Accomplished performing unit of master musicians, the current edition of Tom Harrell's quintet is making the most of the leader's compositions in lengthy (80 minute) sets this week at the Jazz Bakery. Harrell, a schizophrenic, continues to be disarming to watch as his body goes limp and hangs still when he's not playing.
An accomplished performing unit of master musicians, the current edition of Tom Harrell’s quintet is making the most of the leader’s compositions in lengthy (80 minute) sets this week at the Jazz Bakery. Harrell, a schizophrenic, continues to be disarming to watch as his body goes limp and hangs still when he’s not playing. Once he brings the trumpet or, especially, the flugelhorn to his mouth, however, there’s a unique expressiveness and warmth on display.
Harrell uses the edge of late 1950s hard bop as a springboard, trimming the rhythmic edge and favoring a swinging drive that originates in the bass of Ugonna Okeegwo. Harrell’s approach to hard bop, the ferocious idiom pioneered by drummer Art Blakey and his Jazz Messengers, is neither reinterpretation nor tribute; he focuses on the “what ifs” of early 1960s jazz styles, playing with brisk tunefulness, funk and winding compositions.
To a great extent, the timbre and meter stay the same from song to song and head-solo-head structure rarely deviates from a soloing order of trumpet-sax-piano-bass. That owes largely to his nuanced compositional statements: Harrell suggests that when jazz splintered after hard bop’s run — the period included free jazz, electric bands, boogaloo and bossa nova — it could have retained the integrity of the origins of swing and bebop while adding modern elements. Whereas far too many trumpet players hold up Miles Davis as the ultimate ideal, Harrell appears to be getting cues from the late Woody Shaw’s adventurous yet melodic work for Columbia in the 1970s.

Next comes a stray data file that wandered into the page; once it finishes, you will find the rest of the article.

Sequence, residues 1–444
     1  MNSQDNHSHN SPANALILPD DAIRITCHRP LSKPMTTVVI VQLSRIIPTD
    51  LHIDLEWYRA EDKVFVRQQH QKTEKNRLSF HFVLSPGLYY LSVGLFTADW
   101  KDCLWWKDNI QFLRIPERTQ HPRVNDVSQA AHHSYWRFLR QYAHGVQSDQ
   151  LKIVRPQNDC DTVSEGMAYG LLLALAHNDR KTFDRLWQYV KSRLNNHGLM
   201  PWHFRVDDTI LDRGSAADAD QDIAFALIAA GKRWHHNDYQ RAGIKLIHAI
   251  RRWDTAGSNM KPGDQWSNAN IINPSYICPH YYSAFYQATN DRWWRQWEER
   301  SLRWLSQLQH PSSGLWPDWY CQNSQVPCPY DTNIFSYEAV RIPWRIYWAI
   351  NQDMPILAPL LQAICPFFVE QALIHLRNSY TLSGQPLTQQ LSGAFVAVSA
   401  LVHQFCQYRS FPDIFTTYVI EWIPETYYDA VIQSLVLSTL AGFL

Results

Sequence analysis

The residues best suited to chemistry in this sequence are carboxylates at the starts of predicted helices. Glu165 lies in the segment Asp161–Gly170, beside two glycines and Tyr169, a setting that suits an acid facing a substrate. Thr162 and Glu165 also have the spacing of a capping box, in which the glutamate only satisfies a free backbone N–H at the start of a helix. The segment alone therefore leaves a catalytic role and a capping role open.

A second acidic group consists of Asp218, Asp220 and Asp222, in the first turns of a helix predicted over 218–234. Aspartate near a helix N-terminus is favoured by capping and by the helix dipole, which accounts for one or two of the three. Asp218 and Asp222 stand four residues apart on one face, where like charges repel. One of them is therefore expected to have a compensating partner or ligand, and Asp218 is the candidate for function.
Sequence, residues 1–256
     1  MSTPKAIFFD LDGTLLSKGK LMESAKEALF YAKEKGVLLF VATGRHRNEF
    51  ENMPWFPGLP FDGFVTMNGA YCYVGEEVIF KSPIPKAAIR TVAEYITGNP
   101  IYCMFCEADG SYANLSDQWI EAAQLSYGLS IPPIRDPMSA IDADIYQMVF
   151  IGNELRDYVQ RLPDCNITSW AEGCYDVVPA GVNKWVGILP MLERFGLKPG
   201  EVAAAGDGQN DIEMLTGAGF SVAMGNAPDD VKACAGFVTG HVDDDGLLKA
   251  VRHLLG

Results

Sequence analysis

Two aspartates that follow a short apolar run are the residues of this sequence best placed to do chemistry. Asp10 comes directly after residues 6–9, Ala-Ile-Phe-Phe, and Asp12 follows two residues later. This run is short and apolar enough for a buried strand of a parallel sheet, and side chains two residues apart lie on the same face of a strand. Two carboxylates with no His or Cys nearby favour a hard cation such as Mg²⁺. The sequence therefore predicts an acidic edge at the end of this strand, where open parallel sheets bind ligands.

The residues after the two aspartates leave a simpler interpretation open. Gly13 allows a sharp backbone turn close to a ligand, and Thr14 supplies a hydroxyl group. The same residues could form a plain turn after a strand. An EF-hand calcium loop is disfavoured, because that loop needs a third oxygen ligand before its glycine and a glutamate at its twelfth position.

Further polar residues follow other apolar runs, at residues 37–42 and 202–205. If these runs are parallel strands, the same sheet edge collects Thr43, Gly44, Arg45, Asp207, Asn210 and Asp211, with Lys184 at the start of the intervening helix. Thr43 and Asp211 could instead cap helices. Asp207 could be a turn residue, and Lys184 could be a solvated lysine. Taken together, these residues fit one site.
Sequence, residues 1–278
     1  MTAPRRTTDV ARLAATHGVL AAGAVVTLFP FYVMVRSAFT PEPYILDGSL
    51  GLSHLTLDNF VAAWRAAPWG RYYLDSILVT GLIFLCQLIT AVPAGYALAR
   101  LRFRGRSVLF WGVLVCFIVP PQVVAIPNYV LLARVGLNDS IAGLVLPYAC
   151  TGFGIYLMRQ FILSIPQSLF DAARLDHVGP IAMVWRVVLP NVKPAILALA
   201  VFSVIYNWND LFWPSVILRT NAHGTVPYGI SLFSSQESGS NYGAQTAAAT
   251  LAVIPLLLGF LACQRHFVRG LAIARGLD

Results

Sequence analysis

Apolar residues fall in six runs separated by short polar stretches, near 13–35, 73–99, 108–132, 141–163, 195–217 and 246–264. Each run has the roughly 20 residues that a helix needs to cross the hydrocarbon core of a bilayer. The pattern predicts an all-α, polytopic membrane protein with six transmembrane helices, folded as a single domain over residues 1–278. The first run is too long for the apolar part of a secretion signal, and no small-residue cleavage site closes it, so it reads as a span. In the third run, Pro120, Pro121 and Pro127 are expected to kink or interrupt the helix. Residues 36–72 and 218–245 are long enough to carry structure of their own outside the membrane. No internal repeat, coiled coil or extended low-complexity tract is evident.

While Harrell does not communicate with the band during the set — he grunts the tempo before each number — his mates have exquisite communication skills. Tenor sax ace Jimmy Greene plays a balanced opening segment in tandem with Harrell and then solos, as all of them do, with economy. That they played together on Harrell’s latest RCA/Bluebird disc “Wise Children,” along with an overflow of guest instrumentalists and singers, certainly assists them in this regard. The precision of the band is as important as the sumptuous tone Harrell gets out of the flugelhorn, which can’t be beat.